Queensland Crayfish Farmer's Association - About the Redclaw

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I have heard that some crayfish can get 8"+, so if they are measuring that from the tip of the head to the tip of the tail that is one HUGE crayfish. It would be well over a foot in length including the claws! That's more lobster sized then crayfish sized.

Anyone seen any pics of these giant crayfish(with somethingin the pic for size comparison).

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Some of the Aussie species can get as big as a saltwater lobster, if not bigger. Cherax quadricarinatus is very common in the commercial trade due to its size. Some say that it tastes better than saltwater lobster.

The largest freshwater crayfish in the world is Astacopsis gouldi, the Giant Tasmanian Freshwater Lobster. This bruisers can grow to a wopping 40 cm (16") carapace length (excluding tail and claws) and can weigh between 4 - 6 kg. They are an endangered species. Here are some pictures:

Astacopsis gouldi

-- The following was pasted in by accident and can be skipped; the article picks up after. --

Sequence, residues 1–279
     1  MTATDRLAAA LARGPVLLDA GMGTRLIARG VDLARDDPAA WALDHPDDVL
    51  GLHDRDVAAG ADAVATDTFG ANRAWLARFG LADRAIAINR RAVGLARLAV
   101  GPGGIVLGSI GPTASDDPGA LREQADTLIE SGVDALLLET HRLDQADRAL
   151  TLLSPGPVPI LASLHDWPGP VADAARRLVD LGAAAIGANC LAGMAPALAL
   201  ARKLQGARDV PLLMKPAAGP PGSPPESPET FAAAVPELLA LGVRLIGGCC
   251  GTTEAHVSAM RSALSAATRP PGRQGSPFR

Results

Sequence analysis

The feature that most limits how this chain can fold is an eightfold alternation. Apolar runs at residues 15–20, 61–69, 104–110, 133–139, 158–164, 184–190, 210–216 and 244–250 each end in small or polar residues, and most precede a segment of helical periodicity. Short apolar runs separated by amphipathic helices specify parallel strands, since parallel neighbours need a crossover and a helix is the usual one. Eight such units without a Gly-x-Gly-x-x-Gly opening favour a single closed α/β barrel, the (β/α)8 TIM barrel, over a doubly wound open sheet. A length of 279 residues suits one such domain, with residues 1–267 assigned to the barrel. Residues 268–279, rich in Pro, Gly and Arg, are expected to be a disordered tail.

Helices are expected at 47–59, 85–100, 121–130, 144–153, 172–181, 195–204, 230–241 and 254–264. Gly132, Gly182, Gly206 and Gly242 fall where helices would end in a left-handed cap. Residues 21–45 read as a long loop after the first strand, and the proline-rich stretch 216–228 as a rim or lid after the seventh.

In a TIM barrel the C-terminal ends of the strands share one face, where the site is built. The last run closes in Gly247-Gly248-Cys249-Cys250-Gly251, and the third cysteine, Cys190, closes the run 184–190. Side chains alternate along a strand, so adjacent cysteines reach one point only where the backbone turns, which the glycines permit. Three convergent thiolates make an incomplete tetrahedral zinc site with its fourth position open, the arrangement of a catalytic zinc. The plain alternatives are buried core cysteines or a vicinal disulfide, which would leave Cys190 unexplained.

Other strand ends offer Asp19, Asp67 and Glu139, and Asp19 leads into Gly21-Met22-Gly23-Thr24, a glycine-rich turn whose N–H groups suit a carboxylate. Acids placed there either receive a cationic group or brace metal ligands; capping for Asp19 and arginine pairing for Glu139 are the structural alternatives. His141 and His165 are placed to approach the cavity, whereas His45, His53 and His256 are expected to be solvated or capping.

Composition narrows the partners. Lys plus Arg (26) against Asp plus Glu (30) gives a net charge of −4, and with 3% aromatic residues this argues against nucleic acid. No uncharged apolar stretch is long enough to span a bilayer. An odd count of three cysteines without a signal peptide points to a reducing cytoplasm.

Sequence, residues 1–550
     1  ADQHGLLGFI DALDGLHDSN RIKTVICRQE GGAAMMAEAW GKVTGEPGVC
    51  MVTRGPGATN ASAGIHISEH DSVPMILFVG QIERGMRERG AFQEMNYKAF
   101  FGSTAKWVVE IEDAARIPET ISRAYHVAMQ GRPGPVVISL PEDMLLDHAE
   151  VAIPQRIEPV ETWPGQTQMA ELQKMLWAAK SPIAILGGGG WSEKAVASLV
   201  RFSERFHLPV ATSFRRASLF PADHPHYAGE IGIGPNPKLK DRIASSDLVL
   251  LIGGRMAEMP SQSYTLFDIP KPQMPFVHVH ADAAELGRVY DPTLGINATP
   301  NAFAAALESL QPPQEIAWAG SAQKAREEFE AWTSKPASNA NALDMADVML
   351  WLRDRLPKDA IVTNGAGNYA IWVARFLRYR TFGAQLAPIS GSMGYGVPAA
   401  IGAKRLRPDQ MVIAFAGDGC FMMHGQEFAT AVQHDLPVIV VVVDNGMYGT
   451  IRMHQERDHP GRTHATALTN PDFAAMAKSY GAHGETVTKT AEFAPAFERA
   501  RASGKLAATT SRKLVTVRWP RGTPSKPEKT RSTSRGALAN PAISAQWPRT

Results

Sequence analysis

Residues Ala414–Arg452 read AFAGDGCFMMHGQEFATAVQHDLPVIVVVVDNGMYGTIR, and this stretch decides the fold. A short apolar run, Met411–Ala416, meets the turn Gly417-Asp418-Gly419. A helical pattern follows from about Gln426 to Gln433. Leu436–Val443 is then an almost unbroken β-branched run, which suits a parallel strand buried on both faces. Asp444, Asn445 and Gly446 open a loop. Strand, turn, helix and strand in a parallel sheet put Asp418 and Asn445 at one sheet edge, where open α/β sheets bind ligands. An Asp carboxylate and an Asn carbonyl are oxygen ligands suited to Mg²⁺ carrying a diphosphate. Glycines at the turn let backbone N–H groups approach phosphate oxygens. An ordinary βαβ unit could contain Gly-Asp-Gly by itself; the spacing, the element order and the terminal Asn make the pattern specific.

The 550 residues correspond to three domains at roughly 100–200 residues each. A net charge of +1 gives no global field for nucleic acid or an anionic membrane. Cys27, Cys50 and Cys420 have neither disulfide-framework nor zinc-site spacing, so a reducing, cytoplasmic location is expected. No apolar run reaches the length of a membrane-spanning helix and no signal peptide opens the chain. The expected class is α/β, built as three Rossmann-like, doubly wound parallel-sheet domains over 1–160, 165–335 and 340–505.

Mercury - Astacopsis gouldi Recovery Plan

Here is a shot of someone holding the second largest crayfish, the Murray Crayfish. It can reach a carapace length of 15 - 20 cm (6" - 8"), excluding tail and claws. They can weigh up to 2 kg. The Murray Crayfish is also considered to be good eating.

Crayfishworld - Big Crayfish

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Well the new crayfish dissapeared yesterday it may be hiding in one of the shells in the tank but I've searched them as best as I can and found nothing and searched my room for it and found nothing could the blue crayfish eat it all in one night? (I was woken up by some splashing in the night but thats normal)

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There was a very small hole but it was in a very weird place for the cray to be able to get to but like I said I've looked all over the room and found nothing.